Abstract:
In this article I review the main methods for determining the age of the Universe. I describe how to determine the age of the oldest known systems at z=0, the system of galactic globular clusters, using different techniques. I also describe how to date the Universe using the decay of radioactive elements (Cosmochronology). Finally, I focus on how to determine the age of the Universe at different redshifts and specially the age of radio-quiet galaxies at high redshift. I finish by arguing that the most probable age for the Universe is $14 \pm 2$ Gyr.

Abstract:
I review the statistical techniques needed to extract information about physical parameters of galaxies from their observed spectra. This is important given the sheer size of the next generation of large galaxy redshift surveys. Going to the opposite extreme I review what we can learn about the nature of the primordial density field from observations of high--redshift objects.

Abstract:
I present a biased review of when the epoch of formation of galaxies (both disks and ellipticals) maybe took place. I base my arguments in simple (mostly) analytic models that have been recently developed to reproduce most of the observed photometric, chemical and dynamical properties of galaxies both at low and high redshift.

Abstract:
From recent CMB and Large Scale Structure observations the value of the equation of state of dark energy, assuming it to be constant in time, is constrained to be -1.3

Abstract:
There has been significant recent progress in observational cosmology. This, in turn, has provided an unprecedented picture of the early universe and its evolution. In this review I will present a (biased) view of how one can use these observational results to constraint fundamental physics and in particular physics beyond the standard model.

Abstract:
We extend our previous method to determine globular cluster ages using the luminosity function (Jimenez \& Padoan 1996). We show that the luminosity function depends on both age and distance modulus and that it is possible to distinguish between the two. This method provides at the same time independent determinations of distance and age of a GC by simply counting the number of stars found inside specified luminosity bins. The main uncertainties in other traditional methods for determining GCs ages are absent (e.g. mixing length, color-$T_{\rm eff}$ calibration, morphology of the color-magnitude diagram ). The distance modulus is the biggest uncertainty in determining the age of GCs. Here we show that the age can be determined with small uncertainty for any value of distance modulus using the LF and that the LF allows a determination of the distance modulus itself. This is explained by the fact that the luminosity function is affected by a change in distance-modulus in a way that is different from its time evolution. If GC stellar counts with statistical errors not larger than $3\%$ are available, the age can be determined with an uncertainty of about 0.4 Gyr (independent of distance modulus, mixing length and color calibration) and the distance modulus with an uncertainty of about 0.04 mag.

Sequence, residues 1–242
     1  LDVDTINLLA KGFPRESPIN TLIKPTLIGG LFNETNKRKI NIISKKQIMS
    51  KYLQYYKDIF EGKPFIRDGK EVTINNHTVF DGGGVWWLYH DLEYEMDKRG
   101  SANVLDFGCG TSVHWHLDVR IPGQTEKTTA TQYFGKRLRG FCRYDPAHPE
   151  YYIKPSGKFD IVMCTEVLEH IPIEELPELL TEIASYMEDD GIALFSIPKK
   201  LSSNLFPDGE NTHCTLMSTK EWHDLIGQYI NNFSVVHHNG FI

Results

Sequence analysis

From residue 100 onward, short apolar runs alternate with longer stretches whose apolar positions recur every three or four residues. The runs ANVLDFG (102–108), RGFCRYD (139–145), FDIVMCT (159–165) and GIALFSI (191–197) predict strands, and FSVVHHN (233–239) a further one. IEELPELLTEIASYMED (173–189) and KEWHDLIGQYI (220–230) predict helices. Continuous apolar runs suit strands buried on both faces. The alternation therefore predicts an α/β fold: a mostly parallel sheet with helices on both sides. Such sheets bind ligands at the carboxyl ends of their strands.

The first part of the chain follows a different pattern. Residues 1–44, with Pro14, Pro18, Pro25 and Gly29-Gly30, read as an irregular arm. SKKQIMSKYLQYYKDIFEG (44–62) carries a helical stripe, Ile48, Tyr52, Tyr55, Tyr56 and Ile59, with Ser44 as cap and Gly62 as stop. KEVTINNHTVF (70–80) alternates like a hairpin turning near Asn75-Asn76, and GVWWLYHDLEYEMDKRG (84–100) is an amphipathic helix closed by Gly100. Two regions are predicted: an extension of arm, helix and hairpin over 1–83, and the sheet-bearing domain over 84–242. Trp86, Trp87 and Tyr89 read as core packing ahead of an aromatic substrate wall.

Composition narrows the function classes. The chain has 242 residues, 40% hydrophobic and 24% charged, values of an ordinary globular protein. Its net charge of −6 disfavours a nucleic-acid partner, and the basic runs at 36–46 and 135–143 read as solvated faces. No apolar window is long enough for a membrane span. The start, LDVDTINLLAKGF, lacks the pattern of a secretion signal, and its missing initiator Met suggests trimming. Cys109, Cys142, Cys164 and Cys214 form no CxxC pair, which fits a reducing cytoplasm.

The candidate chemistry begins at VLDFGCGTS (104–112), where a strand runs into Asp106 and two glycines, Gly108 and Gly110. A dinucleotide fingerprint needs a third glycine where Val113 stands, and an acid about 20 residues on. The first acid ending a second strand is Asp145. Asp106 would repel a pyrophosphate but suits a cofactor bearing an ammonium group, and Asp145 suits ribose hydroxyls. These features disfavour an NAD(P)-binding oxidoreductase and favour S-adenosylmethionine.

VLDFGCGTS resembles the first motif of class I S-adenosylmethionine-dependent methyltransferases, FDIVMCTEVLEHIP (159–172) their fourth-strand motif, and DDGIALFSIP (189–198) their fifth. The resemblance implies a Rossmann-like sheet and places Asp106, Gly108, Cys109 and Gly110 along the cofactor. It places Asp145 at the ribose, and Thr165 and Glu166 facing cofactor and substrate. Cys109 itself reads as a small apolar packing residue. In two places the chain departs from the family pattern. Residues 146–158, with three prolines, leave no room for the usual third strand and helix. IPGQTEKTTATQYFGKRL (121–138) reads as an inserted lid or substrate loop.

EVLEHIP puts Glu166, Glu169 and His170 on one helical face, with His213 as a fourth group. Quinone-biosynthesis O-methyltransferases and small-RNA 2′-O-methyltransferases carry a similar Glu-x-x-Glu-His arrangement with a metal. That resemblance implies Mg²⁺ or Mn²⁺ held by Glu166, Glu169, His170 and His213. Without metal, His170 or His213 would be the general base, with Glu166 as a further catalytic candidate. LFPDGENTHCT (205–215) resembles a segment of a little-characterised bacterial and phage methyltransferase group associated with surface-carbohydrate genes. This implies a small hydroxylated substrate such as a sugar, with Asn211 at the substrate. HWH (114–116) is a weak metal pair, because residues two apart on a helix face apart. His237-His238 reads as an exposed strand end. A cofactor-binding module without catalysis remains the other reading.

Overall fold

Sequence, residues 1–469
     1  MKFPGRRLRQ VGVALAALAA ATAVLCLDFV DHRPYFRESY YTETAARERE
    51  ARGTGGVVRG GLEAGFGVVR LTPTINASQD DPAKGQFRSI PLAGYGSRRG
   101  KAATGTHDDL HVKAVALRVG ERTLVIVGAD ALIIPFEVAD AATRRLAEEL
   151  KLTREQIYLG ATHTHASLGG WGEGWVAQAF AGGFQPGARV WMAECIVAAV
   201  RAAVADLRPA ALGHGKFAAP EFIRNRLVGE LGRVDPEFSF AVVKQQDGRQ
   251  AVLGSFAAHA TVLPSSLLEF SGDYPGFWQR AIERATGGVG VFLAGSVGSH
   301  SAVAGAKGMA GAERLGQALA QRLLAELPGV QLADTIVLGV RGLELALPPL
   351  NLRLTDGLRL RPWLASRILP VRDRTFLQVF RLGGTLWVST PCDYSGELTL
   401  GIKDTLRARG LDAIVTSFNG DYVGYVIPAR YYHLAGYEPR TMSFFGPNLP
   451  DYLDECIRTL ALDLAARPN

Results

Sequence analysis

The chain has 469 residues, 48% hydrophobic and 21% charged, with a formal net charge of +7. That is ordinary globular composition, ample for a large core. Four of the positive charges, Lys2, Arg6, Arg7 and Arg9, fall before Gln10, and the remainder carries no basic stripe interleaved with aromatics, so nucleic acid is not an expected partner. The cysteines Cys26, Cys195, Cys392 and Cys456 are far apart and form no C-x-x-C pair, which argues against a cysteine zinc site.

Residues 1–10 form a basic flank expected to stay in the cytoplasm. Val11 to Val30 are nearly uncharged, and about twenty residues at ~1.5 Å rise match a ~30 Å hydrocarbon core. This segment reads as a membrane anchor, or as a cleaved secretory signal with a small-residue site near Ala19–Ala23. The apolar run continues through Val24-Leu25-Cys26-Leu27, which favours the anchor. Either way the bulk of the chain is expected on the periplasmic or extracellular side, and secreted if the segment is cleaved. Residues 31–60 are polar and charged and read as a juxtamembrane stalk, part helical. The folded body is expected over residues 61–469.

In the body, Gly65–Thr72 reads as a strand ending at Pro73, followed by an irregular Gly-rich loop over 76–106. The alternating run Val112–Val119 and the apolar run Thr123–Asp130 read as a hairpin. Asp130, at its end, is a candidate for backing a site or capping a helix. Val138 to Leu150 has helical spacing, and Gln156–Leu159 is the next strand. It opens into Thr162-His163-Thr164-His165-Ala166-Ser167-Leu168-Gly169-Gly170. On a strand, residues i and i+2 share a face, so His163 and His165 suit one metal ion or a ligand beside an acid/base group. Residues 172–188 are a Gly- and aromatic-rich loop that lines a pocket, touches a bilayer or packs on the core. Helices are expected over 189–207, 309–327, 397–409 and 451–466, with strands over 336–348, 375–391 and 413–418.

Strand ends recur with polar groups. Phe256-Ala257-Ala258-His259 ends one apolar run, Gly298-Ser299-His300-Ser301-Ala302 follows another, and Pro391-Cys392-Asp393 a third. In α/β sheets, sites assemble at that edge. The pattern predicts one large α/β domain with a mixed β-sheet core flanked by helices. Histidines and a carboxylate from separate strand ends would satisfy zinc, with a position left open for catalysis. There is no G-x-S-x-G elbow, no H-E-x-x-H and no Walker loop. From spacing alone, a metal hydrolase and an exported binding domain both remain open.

Abstract:
We have used the Hipparcos satellite colour magnitude diagram to determine the age of the Galactic disc. We first measure the metallicities of Hipparcos giants using DDO photometry (H{\o}g & Flynn 1997). With accurate metallicities and distances we compute the minimum age of the Galactic disc as $11\pm1$ Gyr using the colour of the reddest clump stars as a function of metallicity. In conjunction with the new ages derived for Globular Clusters using the same method (Jimenez et al 1996) we show that any delay between the formation of the halo and the disc was only 2-3 Gyr. Since disc galaxies may have been detected to redshifts as high as $z=3.15$ (Lu, Sargent and Barlow 1997) an age for our own Galactic disc of 11 Gyr favours open or non-zero $\Lambda$ cosmological models. We show that a Reimers mass-loss law is sufficient to explain the morphology of the red clump.

Abstract:
We present a new method to compute stellar ages in Globular Clusters (GC) that is ten times more precise than the traditional isochrone fitting procedure. The method relies on accurate stellar evolutionary tracks and on photometry for GCs complete down to the main sequence, and it is based on counting number of stars in two different regions of the CMD: the red giant branch and the main-sequence. We have applied this method to the globular cluster M68 and found an age of 16.4$\pm$0.2 Gyr for $(m-M)_V=15.3$. This new method reduces the error associated to the uncertainty in the distance modulus by a factor of two, the error due to the choice of the value for the mixing length parameter to almost zero and the error due to the colour-$T_{\rm eff}$ transformation to zero.

Abstract:
We propose to use relative galaxy ages as a means of constraining cosmological parameters. By measuring the age difference between two ensembles of old galaxies at somewhat different redshifts, one could determine the derivative of redshift with respect to cosmic time, dz/dt. At high redshifts, z=1-2, this measurement would constrain the equation-of-state of the dark energy, while at low redshifts, z< 0.2, it would determine the Hubble constant, H_0. The selected galaxies need to be passively-evolving on a time much longer than their age difference.